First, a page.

Tech Gadgets Eroding Workplace Etiquette
Technology is one of the most effective ways to bring people together at work, but it may also be causing a digital divide, a new Robert Half Technology survey of chief information officers (CIOs) suggests.
Sixty-four percent of CIOs said higher use of mobile gadgets such as cell phones and tablets have led to more breaches in workplace etiquette over the last three years. That's up from 51 percent who said the same thing in a similar survey three years ago.
The survey is based on more than 2,300 telephone interviews with CIOs from a random sample of U.S. companies in 23 major metro areas with 100 or more employees.
Robert Half Technology suggests avoiding these four things to remain in the good graces of your colleagues and manager:
Surfing while talking: Checking your email while someone is trying to have a one-on-one conversation with you is impolite. You'll come off looking distracted and disrespectful.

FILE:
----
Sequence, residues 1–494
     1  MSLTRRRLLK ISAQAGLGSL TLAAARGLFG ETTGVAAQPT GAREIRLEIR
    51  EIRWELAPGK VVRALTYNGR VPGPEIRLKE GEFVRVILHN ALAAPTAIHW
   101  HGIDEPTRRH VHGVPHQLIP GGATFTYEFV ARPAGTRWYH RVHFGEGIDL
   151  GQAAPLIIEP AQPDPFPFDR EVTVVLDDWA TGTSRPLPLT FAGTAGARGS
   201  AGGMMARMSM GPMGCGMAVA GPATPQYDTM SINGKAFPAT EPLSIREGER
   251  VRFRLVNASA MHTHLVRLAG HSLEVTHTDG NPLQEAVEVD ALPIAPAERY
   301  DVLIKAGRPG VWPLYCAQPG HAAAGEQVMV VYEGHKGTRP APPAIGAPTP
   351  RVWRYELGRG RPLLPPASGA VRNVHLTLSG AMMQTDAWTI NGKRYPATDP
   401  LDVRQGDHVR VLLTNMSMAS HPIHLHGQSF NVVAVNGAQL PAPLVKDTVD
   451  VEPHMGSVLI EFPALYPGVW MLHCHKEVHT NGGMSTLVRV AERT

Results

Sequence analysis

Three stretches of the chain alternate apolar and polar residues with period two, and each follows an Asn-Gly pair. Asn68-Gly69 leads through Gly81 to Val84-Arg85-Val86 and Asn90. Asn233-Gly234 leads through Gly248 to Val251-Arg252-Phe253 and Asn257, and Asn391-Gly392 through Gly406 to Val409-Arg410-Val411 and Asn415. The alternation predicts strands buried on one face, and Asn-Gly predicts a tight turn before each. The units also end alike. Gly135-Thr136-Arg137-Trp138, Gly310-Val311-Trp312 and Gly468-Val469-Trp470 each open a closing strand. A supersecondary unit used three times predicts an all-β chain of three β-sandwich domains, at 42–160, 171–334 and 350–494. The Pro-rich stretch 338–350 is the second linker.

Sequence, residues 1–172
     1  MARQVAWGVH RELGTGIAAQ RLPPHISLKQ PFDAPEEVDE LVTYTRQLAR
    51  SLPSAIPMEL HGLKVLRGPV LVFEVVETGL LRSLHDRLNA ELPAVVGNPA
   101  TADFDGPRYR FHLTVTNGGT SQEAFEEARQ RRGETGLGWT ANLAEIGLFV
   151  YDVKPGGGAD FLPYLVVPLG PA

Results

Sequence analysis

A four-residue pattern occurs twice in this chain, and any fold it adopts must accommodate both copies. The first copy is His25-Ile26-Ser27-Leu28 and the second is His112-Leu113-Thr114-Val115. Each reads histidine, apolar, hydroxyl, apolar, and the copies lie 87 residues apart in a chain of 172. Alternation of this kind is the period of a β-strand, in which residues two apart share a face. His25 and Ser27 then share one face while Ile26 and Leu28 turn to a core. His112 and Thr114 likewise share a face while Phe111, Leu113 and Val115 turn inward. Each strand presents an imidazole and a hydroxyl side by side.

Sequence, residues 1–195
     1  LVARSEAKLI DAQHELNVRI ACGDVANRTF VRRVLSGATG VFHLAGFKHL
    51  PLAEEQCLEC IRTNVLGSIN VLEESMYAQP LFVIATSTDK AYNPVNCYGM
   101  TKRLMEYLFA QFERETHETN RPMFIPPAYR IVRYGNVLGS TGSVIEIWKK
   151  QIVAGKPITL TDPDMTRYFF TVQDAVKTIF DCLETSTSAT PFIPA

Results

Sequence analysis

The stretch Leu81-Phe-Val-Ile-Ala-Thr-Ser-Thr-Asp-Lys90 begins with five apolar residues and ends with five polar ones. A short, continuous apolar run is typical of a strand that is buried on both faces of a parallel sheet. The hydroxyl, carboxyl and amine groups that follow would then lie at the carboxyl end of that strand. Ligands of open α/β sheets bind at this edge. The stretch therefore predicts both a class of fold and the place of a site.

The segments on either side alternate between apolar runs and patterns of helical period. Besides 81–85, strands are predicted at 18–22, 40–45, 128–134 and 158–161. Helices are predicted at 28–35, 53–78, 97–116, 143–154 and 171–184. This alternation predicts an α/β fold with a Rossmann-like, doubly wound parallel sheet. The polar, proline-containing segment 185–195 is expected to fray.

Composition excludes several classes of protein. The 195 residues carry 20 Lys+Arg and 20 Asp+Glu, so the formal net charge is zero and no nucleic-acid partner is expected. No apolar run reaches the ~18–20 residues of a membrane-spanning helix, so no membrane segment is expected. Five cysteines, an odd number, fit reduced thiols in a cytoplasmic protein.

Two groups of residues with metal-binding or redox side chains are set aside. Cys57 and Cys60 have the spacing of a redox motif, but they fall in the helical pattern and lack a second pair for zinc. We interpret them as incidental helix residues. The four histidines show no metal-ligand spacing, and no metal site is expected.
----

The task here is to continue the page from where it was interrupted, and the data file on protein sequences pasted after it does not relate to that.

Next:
Leaving long voice messages: For most communications, you should get to the point quickly. Aim for a voice mail that's no longer than 30 seconds unless it's a delicate or complicated issue.
Using the wrong form of communication: Can you send a text or IM instead of calling? Along the same lines, email is better than instant message when an immediate response isn't required. Of course, if you need to have a difficult conversation with someone, picking up the phone or talking in person is best.
Taking multitasking to the extreme: While it is generally acceptable to bring laptops and smartphones to meetings, you still must be an active and attentive participant. Reign in the urge to surf the Web, update your Facebook status or check your email every minute. Also set your smartphone to vibrate or turn it off completely.
Source: Robert Half Technology
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